How are our aptitude tests developed?

General Overview

  • Aptitude tests include: Cognitive Ability, Numerical reasoning, Verbal reasoning, Logical reasoning, Mechanical reasoning, Error checking, Emotional Intelligence and more.
  • Questions follow a multiple-choice format with one correct answer and two-to-four distractors each.
  • Tests target a moderate difficulty level.
  • The total number of questions ranges from 9 to 30.
  • 10-minute time limit per test.

Test Development 

These tests were developed by our team of organizational psychologists and psychometricians, who are well-versed in cognitive ability theory and research. Our approach leveraging multiple distinct but conceptually related reasoning tests is based on theories that delineate a hierarchical structure of intelligence (e.g., Gustafsson, 1984). These models typically illustrate a higher general factor of mental or cognitive ability (“g”) that is overarching, followed by a second-order factor that distinguishes between broad areas of intelligence (e.g., fluid, crystallized, and visual-spatial), which are lastly broken down into narrower ability categories that all relate to the higher general factor and therefore to one another to some extent. 

Using pilot data and feedback from practice test-takers, the questions were evaluated empirically and revised to improve reliability, validity, and fairness, the three most important aspects of evaluating a test. As the database of responses grows, the tests are periodically analyzed and updated to improve them in an iterative fashion over time. 


Test scores are calculated as a simple percentage of questions correct out of the total number of questions (ranging from 0-100%). Results are provided together with a global average and distribution of scores for each test from a representative sample of job candidates that are kept up to date. This provides objective data for candidate comparison across the talent pool.

Implementation Guidance

When used in combination these narrow cognitive abilities can be considered as building blocks of intelligence, but separately, can be more criterion-related given their level of specificity. For example, a mechanical reasoning test, assessing an individual’s ability to apply mechanical principles, is more relevant for an engineering job whereas numerical reasoning, which measures the ability to manipulate data and make calculations, is more relevant for a financial analyst role. We recommend selecting the test most appropriate to the job in question. An aptitude test is often weighted more heavily than other personality or skills tests given its strong empirical relationship with job performance.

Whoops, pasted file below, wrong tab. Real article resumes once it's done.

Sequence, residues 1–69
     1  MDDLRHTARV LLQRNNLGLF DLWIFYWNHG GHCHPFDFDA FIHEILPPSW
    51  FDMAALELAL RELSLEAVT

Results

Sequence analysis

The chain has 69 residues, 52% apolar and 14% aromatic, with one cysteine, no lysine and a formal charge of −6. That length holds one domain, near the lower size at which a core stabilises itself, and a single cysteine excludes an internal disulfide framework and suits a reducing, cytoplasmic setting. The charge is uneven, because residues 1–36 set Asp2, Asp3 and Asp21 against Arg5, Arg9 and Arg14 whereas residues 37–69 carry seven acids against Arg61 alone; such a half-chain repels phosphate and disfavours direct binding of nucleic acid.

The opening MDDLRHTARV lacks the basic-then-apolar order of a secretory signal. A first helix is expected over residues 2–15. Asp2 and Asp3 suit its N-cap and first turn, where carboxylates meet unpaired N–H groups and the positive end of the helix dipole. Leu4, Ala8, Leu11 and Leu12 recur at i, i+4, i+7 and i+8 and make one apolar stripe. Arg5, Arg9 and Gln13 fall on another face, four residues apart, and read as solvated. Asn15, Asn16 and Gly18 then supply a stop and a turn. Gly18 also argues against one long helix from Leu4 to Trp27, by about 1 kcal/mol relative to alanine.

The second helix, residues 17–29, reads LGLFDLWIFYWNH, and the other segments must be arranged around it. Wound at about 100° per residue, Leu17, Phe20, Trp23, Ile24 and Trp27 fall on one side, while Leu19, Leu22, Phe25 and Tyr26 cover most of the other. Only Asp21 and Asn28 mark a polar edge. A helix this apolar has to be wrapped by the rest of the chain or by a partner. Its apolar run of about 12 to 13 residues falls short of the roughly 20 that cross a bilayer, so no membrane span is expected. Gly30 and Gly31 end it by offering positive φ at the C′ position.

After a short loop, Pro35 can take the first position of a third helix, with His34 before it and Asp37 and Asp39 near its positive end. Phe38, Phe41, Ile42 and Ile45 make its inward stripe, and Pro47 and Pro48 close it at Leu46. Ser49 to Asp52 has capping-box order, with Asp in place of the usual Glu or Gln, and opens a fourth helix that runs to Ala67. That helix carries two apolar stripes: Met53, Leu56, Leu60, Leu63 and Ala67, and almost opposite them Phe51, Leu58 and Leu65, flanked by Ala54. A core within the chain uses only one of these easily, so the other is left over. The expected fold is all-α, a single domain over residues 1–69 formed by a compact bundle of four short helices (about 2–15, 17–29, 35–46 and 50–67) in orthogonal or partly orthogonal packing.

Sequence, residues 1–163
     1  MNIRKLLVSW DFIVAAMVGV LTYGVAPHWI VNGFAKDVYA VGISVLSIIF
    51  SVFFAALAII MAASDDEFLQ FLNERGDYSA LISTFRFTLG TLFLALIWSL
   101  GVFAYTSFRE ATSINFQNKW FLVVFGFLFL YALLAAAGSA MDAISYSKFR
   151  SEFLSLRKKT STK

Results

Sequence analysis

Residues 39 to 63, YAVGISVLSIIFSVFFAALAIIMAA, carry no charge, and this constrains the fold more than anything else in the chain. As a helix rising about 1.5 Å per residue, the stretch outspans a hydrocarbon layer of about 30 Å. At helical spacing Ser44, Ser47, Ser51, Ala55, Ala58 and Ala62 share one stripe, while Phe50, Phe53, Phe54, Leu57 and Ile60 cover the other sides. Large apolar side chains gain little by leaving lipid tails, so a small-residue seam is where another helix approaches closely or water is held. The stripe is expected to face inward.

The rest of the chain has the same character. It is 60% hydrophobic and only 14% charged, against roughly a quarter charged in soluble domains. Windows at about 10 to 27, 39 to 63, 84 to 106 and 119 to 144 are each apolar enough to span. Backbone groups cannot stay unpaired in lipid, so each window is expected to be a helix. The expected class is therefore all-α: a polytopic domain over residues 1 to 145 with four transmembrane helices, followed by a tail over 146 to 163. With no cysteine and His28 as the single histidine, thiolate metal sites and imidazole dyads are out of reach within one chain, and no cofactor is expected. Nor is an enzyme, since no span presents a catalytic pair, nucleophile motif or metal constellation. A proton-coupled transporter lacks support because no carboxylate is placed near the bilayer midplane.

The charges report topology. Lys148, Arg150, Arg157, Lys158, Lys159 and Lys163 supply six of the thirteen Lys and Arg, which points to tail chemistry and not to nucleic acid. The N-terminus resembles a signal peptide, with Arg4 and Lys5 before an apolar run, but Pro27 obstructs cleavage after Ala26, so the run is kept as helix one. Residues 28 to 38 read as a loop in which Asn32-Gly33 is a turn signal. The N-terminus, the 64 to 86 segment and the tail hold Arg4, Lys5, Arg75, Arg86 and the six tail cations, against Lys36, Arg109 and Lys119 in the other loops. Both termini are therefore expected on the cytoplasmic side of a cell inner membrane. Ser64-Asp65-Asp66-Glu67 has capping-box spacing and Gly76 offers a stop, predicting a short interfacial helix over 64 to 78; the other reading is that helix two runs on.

Test Security

Access to the tests and their questions is tightly controlled by our password-protected test bank. Subject matter experts involved in its development and review sign non-disclosure agreements. Additionally, questions are randomly assigned to candidates, controlling for the overall difficulty of the test; thus, no two candidates see the same test but their results remain comparable. 

Key Pilot Statistics

  • Samples consisted of a minimum of 100 potential job seekers per test.
  • Sample demographics across tests were as follows:
    • Average age was 35.1 years;
    • Genders included male (52.3%), female (45.3%), other (1.5%) and non-binary (0.9%);
    • Ethnicities included Asian (34.3%), White (32.2%), Black or African American (22.2%), Other Ethnicity (7.2%), and Mixed or Multiple Ethnicities (4.1%); 
    • Countries included India (15.3%), Great Britain (11.9%), Nigeria (9.5%), Australia (5.6%), Canada (4.7%) ) and 18 others.
  • Average score was 53.6% (SD = 21.19).
  • Average time to complete each test was 497.8 seconds (8 minutes 18 seconds).
  • Average completion rate of 90.6%.
  • Items range in difficulty such that roughly 20% of test-takers answered the most difficult questions correctly and roughly 80% answered the easiest questions correctly.

*Most recent data on the test’s performance is available through our platform which is updated regularly.